“A Game Changer”

Anne Bradley has been in the Frederick County Land Preservation office for 17 years and currently serves as the land preservation program administrator. During her tenure, she has seen the number of agricultural preservation agreements in the county grow steadily, yet every year she has had to turn applicants away. Bradley has farmers who have applied 10 years in a row without being accepted—not because they weren’t eligible, but simply because her funding sources had been exhausted.

“Ever since the program was initiated, the limiting factor has been financing,” David Burrier says. “I myself know several farmers who are waiting in the wings to participate.”

But thanks to a new source of funding, they may not have to wait much longer. Effective Oct. 1, 2020, the Frederick County Council raised the recordation tax, with funds from the increase designated for agricultural preservation. 

“This is really a game changer for us,” Bradley says, noting that Frederick County’s Livable Frederick comprehensive plan update set a goal of having a minimum of 100,000 acres in agricultural preservation by 2040. “We currently have more than 400 agreements in place that cover nearly 71,500 acres of agricultural land in the county. Thanks to the recordation tax increase, I believe we will make that goal before 2040.” 

The process begins with Bradley and her team of two other planners reviewing each application to ensure it meets the particular program’s criteria. They work with appraisers who conduct an evaluation of the farm’s development value at current rates, so that the owners can know the equity they have in the land. If approved for participation and an agreement is signed, the farmer is compensated and commits to continue to keep the farm in agricultural use for perpetuity. 

Applying to participate in any of the preservation programs is relatively easy and free, Burrier says. “It was not a hard process at all. We work with bankers and lawyers all the time and the application process [for agricultural preservation easements] was no different.”

A five-member Agricultural Preservation Advisory Board reviews all the applications and staff recommendations. When an easement is approved, it starts an ongoing relationship between Bradley’s office and the farmer. “We are with them forever,” she says, noting that she and her team visit more than 80 easement holders a year, both to stay in touch and to fulfill their stewardship role of ensuring there are no uses occurring on the land that violate signed agricultural preservation agreements. 

Pro-Agriculture, Not Anti-Development

Mention the word “agriculture” and many envision acres of crops and barns full of livestock. But in the 21st century, agricultural uses can be everything from family-friendly fall festivals to wine tasting rooms. So, Bradley works closely with Katie Stevens, associate director of agriculture business development in the Frederick County Office of Economic Development, to help farmers “think outside the barn” in search of ways to make a profit off their land.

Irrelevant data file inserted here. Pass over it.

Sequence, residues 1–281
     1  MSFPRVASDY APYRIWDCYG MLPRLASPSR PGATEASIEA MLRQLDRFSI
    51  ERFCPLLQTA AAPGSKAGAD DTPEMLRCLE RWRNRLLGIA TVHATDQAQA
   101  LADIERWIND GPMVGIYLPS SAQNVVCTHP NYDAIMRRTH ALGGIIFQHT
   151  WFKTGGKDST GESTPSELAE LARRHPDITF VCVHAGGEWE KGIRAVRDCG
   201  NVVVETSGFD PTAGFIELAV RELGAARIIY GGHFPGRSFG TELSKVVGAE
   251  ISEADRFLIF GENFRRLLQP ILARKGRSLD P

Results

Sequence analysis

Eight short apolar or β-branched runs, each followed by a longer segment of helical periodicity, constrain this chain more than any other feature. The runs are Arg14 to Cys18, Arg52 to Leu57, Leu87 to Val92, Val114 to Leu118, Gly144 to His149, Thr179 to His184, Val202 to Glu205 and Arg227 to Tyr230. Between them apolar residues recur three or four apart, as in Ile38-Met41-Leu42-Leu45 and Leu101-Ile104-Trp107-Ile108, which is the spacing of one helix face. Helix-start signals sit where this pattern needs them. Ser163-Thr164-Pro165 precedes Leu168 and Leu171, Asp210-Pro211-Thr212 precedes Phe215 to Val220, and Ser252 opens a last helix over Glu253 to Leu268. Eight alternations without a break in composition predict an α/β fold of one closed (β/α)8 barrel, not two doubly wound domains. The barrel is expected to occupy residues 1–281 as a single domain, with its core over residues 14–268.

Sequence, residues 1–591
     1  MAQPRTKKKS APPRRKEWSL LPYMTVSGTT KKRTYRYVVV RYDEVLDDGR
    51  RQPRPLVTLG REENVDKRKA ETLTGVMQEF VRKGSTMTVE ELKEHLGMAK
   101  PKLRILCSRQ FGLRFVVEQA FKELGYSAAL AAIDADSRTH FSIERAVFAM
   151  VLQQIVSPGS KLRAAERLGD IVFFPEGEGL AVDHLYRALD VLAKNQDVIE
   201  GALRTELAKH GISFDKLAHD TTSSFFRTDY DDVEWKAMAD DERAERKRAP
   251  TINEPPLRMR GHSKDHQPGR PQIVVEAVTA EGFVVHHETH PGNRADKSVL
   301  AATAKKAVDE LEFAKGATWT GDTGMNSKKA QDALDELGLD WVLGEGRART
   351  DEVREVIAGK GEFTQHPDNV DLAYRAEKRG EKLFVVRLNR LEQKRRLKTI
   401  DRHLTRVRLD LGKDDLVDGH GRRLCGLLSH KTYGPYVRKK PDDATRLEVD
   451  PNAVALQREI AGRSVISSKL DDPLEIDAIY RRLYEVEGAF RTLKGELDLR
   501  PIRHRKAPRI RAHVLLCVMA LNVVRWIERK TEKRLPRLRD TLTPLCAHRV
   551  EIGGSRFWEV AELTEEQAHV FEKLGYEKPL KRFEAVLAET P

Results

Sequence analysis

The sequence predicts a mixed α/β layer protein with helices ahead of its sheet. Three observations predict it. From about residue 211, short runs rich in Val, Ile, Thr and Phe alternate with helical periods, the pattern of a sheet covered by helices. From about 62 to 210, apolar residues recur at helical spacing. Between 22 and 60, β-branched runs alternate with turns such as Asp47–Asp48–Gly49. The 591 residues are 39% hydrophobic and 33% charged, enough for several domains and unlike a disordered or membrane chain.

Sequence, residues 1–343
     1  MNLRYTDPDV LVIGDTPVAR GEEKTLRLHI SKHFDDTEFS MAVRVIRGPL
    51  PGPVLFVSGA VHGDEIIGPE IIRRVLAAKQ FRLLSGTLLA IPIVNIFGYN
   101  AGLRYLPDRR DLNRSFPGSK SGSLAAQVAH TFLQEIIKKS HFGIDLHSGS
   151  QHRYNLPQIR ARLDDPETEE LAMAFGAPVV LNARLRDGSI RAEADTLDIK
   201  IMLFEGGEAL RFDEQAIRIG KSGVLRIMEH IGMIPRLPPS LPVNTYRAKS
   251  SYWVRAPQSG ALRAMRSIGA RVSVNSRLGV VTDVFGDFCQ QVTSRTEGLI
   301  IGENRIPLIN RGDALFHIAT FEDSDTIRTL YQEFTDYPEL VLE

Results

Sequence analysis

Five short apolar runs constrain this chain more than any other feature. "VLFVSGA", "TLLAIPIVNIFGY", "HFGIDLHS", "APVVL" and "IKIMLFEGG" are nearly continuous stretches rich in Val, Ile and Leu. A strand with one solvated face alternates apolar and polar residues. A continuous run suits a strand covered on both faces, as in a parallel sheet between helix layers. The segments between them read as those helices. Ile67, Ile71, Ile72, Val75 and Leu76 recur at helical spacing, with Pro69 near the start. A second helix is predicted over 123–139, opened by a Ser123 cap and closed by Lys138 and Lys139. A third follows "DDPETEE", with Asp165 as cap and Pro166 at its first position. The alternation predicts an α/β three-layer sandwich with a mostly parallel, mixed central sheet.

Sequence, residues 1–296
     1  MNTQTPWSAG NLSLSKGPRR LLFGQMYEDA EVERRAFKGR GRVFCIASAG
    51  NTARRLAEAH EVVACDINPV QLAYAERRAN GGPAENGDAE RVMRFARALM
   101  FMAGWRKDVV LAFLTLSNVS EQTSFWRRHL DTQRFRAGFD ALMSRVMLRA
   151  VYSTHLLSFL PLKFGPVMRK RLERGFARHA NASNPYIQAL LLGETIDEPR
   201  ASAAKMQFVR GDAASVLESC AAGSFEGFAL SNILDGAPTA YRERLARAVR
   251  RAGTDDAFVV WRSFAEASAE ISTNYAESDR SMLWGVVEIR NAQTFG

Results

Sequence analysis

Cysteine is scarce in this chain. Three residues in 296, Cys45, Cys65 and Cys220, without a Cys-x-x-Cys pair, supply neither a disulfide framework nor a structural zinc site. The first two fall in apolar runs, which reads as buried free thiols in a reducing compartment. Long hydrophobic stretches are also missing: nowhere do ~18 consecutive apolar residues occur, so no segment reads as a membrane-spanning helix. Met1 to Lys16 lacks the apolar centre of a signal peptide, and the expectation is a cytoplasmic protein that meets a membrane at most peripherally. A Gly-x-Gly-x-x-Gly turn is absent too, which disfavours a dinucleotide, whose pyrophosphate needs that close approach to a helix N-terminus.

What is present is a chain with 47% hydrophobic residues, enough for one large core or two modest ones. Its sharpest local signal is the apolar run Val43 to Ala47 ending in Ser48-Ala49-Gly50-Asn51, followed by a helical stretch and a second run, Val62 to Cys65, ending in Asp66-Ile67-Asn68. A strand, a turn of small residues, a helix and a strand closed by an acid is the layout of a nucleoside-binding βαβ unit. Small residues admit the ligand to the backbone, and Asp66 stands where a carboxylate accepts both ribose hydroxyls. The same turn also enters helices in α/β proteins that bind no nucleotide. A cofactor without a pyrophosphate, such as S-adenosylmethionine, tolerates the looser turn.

Earlier this year, the county set aside $500,000 for its third round of Agricultural Innovation Grants (funded by the American Rescue Plan Act) to encourage farmers and agricultural producers to expand or diversify their business operations. Past grants have been used for things such as irrigation systems, a walk-in freezer for on-site beef sales and a dessert trailer.

Whether hosting agritourism events like fall pumpkin picking and hayrides or opening a tasting room to showcase wines or beers made with products grown on the farm, supporting agriculture in the county is economic development at its core. 

“Our job is to help our farmers be profitable and sustainable,” Stevens says. Her department’s Homegrown Frederick magazine and website, which spotlight local farms, farmers’ markets and craft beverage creators, is designed to do just that by promoting farm-to-table dining and where to find fresh, locally grown food. 

“Agriculture is a vital part of an economy,” Stevens says, noting that agricultural businesses employed 2,200 people in Frederick County and had a total economic impact of nearly $270 million in 2018, the most recent data available. Farm-related tax revenue (on employee compensation, household expenditures and taxes on production and imports) exceeded $10 million. 

By highlighting the economic impact, breadth and diversity of modern agriculture, advocates want to help the public better understand the critical role agriculture plays in our local, national and global economies. “People have to realize that we are losing farmland at an alarming rate, in Maryland and across the United States,” Belinda Burrier says. So, if current and future generations want ample and accessible food supplies, “It is important to protect each and every acre.” 

But farmers will be the first to tell you that not everyone is up to the task. “Farming is very challenging work,” David Burrier says. “The financial reward is not what brings you to this business. Your heart needs to be in it.” 

Just ask Richard Pry. “Even on the worst days, I’m at peace out there,” he says, referring to his family’s fields. “Just give me a tractor and a dog—preferably a collie—to follow.”

It is that kind of love for what they do that fills Bradley with a sense of job satisfaction few will ever know. “I can’t imagine there being a more rewarding job,” she says, her eyes welling with tears. “These farms are treasures and I see the good preservation does.”

Frederick Magazine